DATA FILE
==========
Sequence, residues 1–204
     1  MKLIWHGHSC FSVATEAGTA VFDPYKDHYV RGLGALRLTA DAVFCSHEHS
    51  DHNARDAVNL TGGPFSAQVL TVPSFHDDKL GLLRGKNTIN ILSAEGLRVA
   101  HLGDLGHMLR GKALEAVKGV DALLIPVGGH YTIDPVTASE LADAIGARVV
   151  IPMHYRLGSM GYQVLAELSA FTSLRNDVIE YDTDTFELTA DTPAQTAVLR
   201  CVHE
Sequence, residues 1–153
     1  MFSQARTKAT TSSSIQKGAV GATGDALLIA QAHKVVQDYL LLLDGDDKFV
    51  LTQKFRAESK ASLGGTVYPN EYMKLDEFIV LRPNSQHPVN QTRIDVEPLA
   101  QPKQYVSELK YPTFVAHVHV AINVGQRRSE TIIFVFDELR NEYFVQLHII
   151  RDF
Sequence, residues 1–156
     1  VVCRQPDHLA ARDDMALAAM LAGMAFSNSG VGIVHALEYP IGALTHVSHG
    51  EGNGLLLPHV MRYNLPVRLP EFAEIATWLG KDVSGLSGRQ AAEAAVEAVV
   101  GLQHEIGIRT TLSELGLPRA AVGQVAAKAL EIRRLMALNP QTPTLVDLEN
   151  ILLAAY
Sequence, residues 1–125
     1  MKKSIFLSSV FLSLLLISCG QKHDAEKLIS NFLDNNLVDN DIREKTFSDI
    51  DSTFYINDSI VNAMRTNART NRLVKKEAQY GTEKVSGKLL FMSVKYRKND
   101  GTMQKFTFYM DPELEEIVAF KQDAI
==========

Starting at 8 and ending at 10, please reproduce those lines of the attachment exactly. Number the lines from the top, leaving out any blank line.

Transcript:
     1  MFSQARTKAT TSSSIQKGAV GATGDALLIA QAHKVVQDYL LLLDGDDKFV
    51  LTQKFRAESK ASLGGTVYPN EYMKLDEFIV LRPNSQHPVN QTRIDVEPLA
   101  QPKQYVSELK YPTFVAHVHV AINVGQRRSE TIIFVFDELR NEYFVQLHII